Standing committees are permanent committees established pursuant to Standing Order 104. Standing committees continue in existence for the whole session unlike other types of committees.
Standing committees are provided with permanent mandates by the Standing Orders. Matters that are routinely referred to standing committees by the House for examination include: bills, estimates, order-in-council appointments and documents tabled in the House as a result of statutory requirement.
The House may also refer specific subjects to committees for study by adopting a motion to that effect. In addition to the subject matter of the study, the order of reference may also contain conditions that the committee must comply with in carrying out the study or additional powers that the committee may require for that purpose.
For more information on standing and other types of committees, please see the Compendium.
A legislative committee may be created to study a particular bill referred to it or one may be appointed to prepare and bring in a bill. A legislative committee ceases to exist once it has reported to the House of Commons.
Legislative committees are created according to a strict timetable established by the rules of the House of Commons.
Unlike standing committees, the only mandate of a legislative committee is to study the bill referred to it, and to report it to the House with or without amendment. The committee cannot examine any issue beyond the provisions of the bill and is not empowered to present a report containing substantive recommendations related to it.
For more information on legislative committees, please see the Compendium.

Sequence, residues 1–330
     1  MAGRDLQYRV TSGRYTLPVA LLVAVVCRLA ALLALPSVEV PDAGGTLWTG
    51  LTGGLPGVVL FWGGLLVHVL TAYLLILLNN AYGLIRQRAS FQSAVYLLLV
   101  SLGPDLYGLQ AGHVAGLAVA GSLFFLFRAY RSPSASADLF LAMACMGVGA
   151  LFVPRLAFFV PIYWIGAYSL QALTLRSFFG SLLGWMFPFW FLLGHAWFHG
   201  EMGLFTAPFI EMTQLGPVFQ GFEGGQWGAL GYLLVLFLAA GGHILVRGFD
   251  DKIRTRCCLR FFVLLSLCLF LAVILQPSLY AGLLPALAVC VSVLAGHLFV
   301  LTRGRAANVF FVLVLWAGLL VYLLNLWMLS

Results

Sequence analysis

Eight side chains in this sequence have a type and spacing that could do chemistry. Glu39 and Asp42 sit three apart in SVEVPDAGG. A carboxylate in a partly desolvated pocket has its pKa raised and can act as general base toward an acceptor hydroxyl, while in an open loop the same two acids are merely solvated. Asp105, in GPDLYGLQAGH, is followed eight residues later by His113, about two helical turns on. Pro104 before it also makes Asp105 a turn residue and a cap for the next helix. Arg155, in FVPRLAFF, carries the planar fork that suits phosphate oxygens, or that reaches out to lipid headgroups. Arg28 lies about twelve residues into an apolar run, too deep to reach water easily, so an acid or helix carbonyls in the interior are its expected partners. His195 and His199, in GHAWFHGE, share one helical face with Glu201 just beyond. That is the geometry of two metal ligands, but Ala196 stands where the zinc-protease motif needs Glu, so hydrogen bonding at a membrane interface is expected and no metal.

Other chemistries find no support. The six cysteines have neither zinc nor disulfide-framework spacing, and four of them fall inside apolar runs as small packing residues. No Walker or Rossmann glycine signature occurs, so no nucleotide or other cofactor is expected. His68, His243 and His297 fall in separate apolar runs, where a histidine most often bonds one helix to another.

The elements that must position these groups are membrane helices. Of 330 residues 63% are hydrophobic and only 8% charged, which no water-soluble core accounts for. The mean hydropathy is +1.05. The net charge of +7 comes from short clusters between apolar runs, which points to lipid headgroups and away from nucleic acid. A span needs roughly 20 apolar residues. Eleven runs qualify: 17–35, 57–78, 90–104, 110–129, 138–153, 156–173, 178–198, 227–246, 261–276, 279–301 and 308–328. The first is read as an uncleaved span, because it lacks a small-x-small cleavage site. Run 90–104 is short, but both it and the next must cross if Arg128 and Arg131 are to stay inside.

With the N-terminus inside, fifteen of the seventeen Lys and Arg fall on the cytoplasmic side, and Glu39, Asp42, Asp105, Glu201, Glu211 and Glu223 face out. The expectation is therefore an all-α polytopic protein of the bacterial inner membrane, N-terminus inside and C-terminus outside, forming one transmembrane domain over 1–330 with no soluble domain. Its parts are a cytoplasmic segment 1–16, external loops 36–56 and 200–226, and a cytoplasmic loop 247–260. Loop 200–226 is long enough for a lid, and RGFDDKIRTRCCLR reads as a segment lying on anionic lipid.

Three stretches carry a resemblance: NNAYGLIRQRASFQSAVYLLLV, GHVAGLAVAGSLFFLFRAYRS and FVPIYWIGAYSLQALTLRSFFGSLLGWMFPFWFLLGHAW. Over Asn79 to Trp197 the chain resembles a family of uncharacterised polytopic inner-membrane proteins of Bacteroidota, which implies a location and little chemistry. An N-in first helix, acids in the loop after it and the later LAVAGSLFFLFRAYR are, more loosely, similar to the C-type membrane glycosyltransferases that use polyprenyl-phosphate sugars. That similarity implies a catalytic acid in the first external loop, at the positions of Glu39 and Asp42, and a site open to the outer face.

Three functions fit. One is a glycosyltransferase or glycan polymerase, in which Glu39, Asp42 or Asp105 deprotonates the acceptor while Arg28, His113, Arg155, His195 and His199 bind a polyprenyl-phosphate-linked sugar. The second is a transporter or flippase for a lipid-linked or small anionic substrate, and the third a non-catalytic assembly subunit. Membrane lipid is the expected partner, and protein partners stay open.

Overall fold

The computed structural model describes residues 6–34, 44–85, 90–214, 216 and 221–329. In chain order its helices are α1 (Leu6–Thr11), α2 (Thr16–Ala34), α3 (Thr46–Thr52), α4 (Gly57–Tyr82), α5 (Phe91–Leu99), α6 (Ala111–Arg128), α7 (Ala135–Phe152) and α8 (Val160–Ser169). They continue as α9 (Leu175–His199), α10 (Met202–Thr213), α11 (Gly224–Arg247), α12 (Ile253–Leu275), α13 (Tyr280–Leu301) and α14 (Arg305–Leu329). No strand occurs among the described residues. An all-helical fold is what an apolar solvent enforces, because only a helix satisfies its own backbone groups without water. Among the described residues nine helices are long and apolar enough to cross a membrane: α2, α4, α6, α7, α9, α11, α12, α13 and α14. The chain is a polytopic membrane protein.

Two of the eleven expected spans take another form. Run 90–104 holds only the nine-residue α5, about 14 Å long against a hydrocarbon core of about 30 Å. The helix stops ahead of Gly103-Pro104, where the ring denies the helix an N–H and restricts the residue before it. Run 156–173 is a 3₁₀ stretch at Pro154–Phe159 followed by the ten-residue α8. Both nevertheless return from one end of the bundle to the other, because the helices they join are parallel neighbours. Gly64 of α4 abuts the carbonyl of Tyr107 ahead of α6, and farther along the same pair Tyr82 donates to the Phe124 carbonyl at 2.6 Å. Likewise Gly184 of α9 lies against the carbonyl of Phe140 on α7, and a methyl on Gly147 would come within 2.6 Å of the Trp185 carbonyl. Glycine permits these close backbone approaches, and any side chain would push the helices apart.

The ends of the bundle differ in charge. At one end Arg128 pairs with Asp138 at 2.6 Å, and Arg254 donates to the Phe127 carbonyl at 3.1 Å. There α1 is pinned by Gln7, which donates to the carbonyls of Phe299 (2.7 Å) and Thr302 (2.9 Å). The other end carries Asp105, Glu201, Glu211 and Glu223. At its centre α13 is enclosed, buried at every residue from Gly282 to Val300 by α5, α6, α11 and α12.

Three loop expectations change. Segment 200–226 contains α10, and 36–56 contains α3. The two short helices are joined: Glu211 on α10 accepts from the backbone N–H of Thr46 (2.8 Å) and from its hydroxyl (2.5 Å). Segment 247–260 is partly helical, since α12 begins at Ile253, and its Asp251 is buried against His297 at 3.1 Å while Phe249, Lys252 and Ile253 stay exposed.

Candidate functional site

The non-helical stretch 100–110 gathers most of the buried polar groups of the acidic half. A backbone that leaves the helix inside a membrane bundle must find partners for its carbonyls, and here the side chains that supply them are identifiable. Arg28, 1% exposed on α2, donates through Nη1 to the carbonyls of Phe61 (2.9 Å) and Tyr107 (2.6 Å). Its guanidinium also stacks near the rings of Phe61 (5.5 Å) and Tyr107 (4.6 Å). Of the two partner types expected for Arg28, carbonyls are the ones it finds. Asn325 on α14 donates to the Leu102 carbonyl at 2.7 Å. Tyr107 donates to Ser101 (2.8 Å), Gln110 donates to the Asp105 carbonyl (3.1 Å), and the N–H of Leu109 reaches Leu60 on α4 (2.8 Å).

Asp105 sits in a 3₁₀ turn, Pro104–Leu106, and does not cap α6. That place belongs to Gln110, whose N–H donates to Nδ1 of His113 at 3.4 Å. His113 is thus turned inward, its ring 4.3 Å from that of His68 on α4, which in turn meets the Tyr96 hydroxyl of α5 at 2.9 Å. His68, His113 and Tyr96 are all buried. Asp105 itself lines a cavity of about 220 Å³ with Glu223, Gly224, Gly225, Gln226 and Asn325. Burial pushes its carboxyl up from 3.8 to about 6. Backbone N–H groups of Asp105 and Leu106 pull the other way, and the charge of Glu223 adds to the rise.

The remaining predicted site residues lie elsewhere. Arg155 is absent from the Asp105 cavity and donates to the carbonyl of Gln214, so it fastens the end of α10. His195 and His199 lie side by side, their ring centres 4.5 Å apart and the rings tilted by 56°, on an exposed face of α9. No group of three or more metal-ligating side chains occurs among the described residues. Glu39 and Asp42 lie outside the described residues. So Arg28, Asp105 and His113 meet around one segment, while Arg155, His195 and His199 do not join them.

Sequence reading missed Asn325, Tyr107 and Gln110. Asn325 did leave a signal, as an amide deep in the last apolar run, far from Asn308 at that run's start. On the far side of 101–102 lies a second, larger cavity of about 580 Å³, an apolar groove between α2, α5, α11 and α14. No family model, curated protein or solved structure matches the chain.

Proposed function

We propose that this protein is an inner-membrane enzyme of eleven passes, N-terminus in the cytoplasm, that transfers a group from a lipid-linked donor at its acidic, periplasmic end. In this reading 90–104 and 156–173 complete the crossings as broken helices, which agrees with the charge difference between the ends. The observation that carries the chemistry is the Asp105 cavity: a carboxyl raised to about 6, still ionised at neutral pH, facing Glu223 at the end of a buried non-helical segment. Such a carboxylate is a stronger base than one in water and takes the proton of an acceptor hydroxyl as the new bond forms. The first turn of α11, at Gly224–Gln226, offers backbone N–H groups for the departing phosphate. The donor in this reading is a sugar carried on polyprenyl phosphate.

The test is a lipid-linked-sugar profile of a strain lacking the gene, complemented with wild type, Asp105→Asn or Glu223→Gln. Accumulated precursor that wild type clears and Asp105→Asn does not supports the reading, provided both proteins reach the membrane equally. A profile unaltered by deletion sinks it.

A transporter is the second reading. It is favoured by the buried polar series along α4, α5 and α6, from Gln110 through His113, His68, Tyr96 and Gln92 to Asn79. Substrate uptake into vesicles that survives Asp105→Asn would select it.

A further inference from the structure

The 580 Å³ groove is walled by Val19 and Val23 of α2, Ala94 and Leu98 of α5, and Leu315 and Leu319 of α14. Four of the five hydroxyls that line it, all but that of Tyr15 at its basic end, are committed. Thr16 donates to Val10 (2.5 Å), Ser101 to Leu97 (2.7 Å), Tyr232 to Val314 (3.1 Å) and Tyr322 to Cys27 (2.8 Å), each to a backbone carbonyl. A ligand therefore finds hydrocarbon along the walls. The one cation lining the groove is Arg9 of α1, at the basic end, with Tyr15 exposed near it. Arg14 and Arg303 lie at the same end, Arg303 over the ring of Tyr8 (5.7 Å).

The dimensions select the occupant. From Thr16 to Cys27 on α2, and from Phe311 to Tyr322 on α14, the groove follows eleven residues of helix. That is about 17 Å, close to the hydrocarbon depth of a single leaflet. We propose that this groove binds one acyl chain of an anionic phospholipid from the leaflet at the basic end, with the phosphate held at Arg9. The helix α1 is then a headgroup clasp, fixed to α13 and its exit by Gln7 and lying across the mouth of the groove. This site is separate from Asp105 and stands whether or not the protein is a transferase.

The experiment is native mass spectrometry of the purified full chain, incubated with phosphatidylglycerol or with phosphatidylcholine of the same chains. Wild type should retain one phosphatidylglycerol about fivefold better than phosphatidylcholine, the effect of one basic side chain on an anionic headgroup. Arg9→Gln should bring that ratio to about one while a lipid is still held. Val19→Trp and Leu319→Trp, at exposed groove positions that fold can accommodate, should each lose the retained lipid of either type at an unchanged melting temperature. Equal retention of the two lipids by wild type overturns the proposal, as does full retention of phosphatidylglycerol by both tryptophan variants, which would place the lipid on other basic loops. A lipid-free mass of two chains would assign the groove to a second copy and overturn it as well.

Special committees are appointed by the House to carry out specific inquiries, studies or other tasks that the House judges to be of special importance. Each special committee is created by means of an order of reference adopted by the House. This motion defines the committee's mandate and usually enumerates its powers, membership and the deadline for submitting its final report. A special committee ceases to exist once its final report has been presented to the House, or at prorogation.
Joint committees are composed of members of both the House of Commons and the Senate. Standing joint committees are permanent committees established pursuant to the Standing Orders of the House of Commons and the Rules of the Senate.
For more information on Standing Joint Committees, please see the Compendium, the Standing Joint Committee on the Library of Parliament and the Standing Joint Committee on the Scrutiny of Regulations.
Special joint committees are established by orders of reference from both Houses to deal with matters of great public importance and are composed of members of both the House of Commons and the Senate.
The mandate of a special joint committee is outlined in its order of reference. In the past, special joint committees have been appointed to deal with such issues as child custody and foreign policy. They have also been struck to deal with legislation, by being empowered either to prepare a bill or to study a bill following second reading.
A special joint committee ceases to exist when it has presented its final report to both the House and the Senate, or at prorogation or dissolution.
For more information on Special Joint Committees, please see the Compendium.